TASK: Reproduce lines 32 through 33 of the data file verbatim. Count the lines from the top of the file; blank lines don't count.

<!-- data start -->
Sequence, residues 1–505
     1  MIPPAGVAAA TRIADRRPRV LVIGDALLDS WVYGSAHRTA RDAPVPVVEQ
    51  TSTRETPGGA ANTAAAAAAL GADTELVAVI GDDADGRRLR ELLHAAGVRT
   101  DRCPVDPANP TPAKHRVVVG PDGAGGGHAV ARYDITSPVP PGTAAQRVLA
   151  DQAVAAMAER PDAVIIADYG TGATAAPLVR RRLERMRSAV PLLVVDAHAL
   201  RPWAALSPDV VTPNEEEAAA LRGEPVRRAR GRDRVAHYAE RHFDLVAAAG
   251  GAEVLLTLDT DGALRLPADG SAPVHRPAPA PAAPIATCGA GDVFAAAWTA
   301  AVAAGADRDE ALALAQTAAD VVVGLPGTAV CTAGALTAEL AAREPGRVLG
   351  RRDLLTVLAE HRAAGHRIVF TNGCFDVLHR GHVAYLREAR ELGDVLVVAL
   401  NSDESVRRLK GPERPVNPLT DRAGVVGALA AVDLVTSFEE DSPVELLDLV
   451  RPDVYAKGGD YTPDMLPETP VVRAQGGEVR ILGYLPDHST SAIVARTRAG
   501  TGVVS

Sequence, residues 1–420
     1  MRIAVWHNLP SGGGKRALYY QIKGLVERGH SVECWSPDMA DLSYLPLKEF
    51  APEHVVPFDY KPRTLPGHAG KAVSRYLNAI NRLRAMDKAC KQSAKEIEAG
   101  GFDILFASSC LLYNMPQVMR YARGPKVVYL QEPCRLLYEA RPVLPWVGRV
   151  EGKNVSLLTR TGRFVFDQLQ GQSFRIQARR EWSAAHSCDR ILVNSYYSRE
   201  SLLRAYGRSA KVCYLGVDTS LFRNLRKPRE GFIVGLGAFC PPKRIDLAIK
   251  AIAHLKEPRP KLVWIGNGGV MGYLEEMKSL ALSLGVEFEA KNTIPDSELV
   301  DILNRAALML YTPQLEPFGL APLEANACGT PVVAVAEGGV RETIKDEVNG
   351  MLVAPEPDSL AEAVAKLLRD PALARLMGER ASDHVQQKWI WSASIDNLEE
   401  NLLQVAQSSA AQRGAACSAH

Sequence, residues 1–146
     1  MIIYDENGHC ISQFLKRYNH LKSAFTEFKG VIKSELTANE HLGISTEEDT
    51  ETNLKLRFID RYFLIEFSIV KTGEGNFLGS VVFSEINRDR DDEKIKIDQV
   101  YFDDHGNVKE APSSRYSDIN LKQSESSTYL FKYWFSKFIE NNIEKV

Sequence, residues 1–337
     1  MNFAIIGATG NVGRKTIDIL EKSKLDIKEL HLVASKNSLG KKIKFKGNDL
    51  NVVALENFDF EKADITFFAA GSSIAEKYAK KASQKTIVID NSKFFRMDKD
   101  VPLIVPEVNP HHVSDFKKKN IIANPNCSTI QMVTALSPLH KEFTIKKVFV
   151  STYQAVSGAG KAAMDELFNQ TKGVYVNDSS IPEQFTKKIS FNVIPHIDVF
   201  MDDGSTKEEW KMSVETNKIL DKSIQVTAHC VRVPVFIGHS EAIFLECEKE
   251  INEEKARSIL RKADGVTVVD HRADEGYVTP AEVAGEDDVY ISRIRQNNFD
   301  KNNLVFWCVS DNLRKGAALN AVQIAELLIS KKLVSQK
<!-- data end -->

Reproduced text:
   201  MDDGSTKEEW KMSVETNKIL DKSIQVTAHC VRVPVFIGHS EAIFLECEKE
   251  INEEKARSIL RKADGVTVVD HRADEGYVTP AEVAGEDDVY ISRIRQNNFD